Ed stood blinking on the steps of Paul’s office, surrounded by office workers and lead-stained buildings, couriers tugging helmets from sweaty heads, bare-legged secretaries laughing on their way to eat sandwiches in the park, and felt a sudden pang for his old life. The one with his Nespresso machine in his office and his secretary nipping out for sushi, and his apartment with the views over the city, and the worst thing that afternoon being the prospect of having to lie on the couch in his office and listen to the Suits drone on about profit and loss. He had never really measured his life by that of anyone else but now he felt cripplingly envious of the people around him with their everyday concerns, their ability to get on a Tube back to their own homes, their families. The simple pleasures of going for a meal with friends, to stretch out in front of the television with his arm around someone. What did he have? Weeks of being stuck in an empty house, with nobody to talk to, facing the prospect of imminent prosecution.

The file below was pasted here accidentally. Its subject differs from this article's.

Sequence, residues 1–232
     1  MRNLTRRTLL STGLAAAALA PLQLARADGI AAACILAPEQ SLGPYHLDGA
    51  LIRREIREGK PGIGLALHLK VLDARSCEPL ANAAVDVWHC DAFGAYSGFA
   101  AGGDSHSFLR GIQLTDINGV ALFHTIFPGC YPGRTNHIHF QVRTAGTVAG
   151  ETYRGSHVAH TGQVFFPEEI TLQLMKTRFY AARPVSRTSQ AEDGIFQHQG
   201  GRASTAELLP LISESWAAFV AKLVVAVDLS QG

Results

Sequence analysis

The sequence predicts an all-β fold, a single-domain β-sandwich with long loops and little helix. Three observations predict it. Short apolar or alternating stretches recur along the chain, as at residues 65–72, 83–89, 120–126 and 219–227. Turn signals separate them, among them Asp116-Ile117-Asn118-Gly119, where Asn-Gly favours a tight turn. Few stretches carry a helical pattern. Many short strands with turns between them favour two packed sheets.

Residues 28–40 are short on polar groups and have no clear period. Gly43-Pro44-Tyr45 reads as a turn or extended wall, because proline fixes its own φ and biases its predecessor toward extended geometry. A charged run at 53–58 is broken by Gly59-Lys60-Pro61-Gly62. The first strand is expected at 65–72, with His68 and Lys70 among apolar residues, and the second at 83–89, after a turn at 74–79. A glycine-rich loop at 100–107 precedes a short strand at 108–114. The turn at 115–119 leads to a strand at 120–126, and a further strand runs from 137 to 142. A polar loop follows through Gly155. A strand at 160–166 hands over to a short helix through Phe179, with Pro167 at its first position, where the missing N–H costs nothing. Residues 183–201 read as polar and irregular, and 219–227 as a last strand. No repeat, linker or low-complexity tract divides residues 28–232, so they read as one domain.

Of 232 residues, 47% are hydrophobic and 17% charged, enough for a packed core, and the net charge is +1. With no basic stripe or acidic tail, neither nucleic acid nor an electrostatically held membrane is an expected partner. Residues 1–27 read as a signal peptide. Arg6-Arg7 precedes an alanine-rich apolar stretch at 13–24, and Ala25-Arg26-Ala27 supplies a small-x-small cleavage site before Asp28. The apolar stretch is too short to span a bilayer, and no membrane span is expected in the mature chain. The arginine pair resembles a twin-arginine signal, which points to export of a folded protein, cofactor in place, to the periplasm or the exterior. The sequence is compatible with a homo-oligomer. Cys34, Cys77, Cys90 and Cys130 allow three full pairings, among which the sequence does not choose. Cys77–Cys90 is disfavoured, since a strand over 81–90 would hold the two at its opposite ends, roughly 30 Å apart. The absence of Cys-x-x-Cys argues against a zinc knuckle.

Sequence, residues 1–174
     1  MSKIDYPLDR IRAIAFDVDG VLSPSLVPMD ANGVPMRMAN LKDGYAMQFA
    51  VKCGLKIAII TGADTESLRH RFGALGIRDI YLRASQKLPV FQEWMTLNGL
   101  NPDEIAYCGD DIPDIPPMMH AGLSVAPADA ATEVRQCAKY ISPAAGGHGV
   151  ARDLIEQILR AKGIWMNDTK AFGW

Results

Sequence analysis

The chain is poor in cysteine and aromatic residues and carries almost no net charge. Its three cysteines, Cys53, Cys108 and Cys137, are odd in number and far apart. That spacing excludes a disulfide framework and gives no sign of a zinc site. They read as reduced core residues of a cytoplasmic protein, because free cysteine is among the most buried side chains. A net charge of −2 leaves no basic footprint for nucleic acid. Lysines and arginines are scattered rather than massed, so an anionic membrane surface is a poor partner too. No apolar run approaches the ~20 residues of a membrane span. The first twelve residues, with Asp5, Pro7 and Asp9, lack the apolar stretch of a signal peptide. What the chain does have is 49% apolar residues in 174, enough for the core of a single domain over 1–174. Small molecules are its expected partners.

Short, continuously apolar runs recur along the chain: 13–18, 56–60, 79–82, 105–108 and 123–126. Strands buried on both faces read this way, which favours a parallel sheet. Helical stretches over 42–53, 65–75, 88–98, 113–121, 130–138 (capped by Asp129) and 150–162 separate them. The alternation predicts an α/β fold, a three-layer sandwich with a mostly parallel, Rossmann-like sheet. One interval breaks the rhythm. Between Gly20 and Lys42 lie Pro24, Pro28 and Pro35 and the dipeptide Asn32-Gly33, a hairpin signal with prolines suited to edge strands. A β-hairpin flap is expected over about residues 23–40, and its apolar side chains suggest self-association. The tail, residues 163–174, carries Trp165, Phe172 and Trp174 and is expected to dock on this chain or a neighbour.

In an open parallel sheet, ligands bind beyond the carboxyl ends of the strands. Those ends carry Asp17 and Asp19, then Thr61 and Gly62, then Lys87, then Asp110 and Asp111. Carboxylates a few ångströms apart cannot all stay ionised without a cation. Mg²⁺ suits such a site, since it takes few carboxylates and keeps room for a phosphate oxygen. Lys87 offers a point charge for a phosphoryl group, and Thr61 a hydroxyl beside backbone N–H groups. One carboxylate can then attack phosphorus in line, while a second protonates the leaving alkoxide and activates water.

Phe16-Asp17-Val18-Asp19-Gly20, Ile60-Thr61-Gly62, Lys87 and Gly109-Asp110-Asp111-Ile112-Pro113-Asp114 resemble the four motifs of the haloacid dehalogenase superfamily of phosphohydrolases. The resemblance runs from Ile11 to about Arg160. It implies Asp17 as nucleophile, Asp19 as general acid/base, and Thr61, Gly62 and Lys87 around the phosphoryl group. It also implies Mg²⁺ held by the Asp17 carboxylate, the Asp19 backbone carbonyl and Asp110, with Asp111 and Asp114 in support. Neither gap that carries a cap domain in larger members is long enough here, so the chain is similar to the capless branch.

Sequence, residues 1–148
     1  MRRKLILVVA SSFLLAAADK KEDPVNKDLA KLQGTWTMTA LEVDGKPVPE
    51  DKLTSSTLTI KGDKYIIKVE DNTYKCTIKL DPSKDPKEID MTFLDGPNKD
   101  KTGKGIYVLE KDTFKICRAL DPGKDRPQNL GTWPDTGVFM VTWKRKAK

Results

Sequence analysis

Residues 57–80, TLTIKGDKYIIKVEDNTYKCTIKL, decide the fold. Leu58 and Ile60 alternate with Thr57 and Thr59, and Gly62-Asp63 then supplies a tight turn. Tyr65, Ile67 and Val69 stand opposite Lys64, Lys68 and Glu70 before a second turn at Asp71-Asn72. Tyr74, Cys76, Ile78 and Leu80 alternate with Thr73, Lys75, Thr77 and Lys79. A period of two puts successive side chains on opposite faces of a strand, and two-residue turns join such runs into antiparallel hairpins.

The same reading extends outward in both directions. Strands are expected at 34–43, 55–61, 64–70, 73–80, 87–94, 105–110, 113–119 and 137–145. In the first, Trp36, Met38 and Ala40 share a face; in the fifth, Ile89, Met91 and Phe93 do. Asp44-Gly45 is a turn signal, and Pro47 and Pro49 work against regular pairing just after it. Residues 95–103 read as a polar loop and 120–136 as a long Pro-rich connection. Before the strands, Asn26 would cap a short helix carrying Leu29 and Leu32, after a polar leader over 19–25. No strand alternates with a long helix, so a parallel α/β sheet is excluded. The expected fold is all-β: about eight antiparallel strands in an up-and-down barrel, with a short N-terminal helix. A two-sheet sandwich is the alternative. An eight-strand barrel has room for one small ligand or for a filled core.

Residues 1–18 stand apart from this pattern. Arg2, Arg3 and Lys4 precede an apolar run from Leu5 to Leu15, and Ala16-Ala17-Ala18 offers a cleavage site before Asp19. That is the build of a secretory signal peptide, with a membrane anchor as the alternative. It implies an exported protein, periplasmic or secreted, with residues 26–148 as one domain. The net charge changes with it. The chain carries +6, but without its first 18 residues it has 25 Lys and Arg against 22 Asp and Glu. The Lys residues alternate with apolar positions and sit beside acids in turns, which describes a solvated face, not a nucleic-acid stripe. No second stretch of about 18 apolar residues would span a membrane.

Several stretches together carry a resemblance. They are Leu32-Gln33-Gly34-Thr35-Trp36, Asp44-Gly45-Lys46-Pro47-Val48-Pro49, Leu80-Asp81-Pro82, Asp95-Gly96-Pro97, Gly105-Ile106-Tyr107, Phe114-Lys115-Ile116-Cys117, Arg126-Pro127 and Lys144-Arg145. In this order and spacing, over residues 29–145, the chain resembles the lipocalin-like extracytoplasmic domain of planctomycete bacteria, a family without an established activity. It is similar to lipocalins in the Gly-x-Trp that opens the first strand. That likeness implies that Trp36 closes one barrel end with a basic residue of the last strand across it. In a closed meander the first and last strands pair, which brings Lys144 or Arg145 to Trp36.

He thought back to the previous week, to waking up on his sofa at Beachfront with no idea how he had got there, his mouth as dry as if it had been packed with cotton wool, his glasses neatly folded on the coffee-table. It was the third time in as many weeks that he’d been so drunk he couldn’t remember how he’d got home, the first time he had woken with empty pockets.

He wasn’t really a drinker. Lara had always insisted alcohol gave you belly fat and complained that he snored if he had more than two. He wanted a drink right now like he had rarely wanted anything.

Because here was the thing: he missed work more than he had ever missed his wife. He missed it like a constant mistress; he missed having a routine. For almost five years now his day had run to the world’s most regular timetable:

– 7.00 a.m. get up, drink coffee

– 7.30 a.m. meet personal trainer, shower, walk to work, second coffee with Ronan